I don’t see why on earth dems would just assume to get the Hispanic vote. If someone has a Hispanic background and can vote, it means they’re here legally (though in California they all but allow people in the country illegally to vote).
Just because dems claim over and over that illegal and legal immigration are the same, and that if you’re against illegal immigration you must be “anti immigrant”, I give the Hispanic population more credit. I don’t think they’re all that stupid to believe that. I know a lot of people that are first or second generation Americans from Mexico. most are pretty conservative. I don’t think they favor the same open border policies that the dems push.
From what I gather, there is a large Christian Hispanic population. Maybe the Trump deportations will fuel Hispanics to vote blue though.
HIBTK: I have a lot of polish and Hungarian background. If there were a bunch of polish and Hungarian people who have sneaked into the US and were caught and deported, that wouldn’t cause me to vote blue as it doesn’t fundamentally change how I view the role of government, the free market, ideas of individual liberty, taxes, foreign policy, social views, or tons of other things that cause me to vote how I vote.
I am a strong believer that immigration is good, and we should have more of it. Yet at the same time I can hold the view that if you’re here ILLEGALLY, and are caught, you should be removed. I have no idea how the concept of catching someone that sneaked in, and removing them, became controversial.
I mean, if you’re border patrol and you watch someone jump the fence should you try to catch them and send them back? I think most people would say yes. But if somehow you don’t catch them right after they jump the fence but then find them a few days later, then somehow they’re quasi legalized?
How is it different if an illegal of Latino decent votes in an election, and say an illegal of Russian decent? Is there a difference, because the media sure makes it seems like there is a difference.
Dont California my Texas, yeeee haaawww!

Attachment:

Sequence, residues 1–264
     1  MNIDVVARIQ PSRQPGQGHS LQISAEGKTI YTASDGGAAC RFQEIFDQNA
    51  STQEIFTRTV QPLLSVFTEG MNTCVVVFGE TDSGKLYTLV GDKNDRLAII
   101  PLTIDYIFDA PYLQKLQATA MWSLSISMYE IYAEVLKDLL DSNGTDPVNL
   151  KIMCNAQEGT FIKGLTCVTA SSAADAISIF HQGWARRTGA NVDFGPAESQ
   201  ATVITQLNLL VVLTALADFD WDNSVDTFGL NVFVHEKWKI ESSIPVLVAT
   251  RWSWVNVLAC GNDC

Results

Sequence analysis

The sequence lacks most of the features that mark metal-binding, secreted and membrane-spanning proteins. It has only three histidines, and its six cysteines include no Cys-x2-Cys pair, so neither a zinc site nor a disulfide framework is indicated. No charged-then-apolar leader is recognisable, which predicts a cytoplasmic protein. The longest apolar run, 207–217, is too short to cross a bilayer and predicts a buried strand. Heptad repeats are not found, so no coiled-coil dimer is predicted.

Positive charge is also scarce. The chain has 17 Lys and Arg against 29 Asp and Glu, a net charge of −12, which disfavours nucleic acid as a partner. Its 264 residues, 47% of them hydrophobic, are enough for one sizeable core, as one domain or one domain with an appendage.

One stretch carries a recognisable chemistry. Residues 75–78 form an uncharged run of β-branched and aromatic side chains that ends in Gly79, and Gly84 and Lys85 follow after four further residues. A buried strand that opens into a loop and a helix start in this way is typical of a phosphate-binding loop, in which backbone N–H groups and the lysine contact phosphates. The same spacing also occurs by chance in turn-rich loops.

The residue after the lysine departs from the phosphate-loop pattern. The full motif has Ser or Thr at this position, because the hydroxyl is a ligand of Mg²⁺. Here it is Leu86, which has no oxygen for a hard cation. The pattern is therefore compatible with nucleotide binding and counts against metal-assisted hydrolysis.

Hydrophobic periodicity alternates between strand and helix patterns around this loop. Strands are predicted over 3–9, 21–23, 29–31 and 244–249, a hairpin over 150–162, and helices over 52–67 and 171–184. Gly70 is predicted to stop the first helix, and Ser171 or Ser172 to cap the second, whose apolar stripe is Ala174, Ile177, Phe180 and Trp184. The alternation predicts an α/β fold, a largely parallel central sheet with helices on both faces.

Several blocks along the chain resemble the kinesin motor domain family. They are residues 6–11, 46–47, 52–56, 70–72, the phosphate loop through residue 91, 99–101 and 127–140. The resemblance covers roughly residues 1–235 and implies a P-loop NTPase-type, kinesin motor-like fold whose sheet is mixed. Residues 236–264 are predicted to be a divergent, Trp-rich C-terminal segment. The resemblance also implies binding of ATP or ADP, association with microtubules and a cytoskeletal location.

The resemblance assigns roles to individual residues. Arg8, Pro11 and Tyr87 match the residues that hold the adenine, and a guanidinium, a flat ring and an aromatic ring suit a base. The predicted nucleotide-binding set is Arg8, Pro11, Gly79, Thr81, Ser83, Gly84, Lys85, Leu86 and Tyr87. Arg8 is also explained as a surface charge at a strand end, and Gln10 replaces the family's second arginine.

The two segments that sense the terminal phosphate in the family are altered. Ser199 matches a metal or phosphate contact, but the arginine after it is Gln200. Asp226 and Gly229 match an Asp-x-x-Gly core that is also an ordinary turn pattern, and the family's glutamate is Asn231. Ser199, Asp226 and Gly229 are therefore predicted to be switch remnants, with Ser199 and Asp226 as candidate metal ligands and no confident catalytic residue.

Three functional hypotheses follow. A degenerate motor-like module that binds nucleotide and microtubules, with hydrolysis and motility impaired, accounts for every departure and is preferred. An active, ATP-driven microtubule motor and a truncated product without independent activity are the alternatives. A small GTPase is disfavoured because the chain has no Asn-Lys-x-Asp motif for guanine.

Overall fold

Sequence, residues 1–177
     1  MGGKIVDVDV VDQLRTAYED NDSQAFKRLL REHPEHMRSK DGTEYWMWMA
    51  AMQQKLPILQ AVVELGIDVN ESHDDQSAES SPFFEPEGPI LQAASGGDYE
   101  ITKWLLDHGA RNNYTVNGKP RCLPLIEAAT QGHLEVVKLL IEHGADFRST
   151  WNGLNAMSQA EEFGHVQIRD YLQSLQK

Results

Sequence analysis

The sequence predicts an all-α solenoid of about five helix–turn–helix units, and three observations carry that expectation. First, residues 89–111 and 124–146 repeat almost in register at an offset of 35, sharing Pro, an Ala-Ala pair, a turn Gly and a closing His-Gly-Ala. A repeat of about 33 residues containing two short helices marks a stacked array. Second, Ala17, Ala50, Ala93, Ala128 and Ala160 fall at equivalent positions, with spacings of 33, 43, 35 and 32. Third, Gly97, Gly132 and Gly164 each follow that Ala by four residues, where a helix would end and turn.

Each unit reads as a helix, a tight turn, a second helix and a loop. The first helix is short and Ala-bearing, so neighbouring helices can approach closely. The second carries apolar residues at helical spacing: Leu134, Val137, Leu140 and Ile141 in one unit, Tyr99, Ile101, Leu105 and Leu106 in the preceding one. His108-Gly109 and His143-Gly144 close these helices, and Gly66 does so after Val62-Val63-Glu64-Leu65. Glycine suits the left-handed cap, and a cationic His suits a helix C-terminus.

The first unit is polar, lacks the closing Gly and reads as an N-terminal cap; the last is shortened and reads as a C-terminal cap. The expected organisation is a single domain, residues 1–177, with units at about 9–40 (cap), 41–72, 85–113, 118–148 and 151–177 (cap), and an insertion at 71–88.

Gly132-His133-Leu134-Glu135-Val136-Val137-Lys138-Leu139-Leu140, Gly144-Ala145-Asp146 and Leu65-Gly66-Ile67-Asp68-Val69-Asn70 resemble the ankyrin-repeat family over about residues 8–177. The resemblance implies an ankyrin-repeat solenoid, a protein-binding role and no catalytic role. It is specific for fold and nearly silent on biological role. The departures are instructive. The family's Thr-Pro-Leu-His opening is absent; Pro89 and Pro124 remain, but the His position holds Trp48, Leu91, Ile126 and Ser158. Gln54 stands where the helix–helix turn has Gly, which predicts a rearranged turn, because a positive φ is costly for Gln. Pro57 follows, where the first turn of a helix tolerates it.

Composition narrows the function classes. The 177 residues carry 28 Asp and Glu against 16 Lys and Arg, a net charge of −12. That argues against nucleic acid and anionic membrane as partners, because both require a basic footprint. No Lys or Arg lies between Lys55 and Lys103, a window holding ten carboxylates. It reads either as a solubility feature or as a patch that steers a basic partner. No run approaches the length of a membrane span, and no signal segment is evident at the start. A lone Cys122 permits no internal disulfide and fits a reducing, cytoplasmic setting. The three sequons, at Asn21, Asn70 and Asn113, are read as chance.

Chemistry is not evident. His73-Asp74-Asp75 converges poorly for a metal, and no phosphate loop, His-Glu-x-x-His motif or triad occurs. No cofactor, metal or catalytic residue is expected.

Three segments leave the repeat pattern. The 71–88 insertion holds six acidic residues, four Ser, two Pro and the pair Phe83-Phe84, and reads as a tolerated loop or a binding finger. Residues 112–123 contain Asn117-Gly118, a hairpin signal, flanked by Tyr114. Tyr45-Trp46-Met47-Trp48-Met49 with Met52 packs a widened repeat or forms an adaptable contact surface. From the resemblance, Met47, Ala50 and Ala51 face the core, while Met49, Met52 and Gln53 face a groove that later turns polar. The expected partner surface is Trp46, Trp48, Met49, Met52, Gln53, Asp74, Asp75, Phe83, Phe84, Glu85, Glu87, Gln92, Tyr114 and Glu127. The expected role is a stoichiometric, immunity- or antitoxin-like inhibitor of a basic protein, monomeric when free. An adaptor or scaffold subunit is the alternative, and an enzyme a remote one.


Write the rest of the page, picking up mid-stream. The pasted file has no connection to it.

@Cody: I was more so speaking about the “religious freedom” of conservative Christians. The people who take the Bible literally. No gays, No abortions, No sex till marriage, No marijuana, Pro guns, etc. Christian fundamentalists
So according to this article 49% of the CA net population loss of 150K people came to TX.
But more than 50% of the total new Texans are from outside the US.
Sign of success when both political and economic refugees are attracted.
So Harris County accommodated 20,942 new residents from out of state…in the entire year?! Is it just me or is that figure missing an extra digit?
Commonsense: I don’t know any place in the U.S. that is under a dictatorial theocracy. You may not like your local and state representatives, and you may not agree with the laws or ordinances they pass. But as far as I know, the Bill of Rights is still there, and no one is forcing you to say prayers three times a day. The point is, there is no need to exaggerate. You may be frustrated with your state’s politics, but the fact that you are allowed to misrepresent it as a “dictatorial theocracy”, proves that in fact, no dictatorship exists.
I’m pretty sure a theocracy would be an improvement.
Securities and Exchange Commission and HBJ research.
Presumably this paper will never be allowed to see the light of day, but it certainly makes a mockery of the idea that we have a handle on the numbers, or ever will again: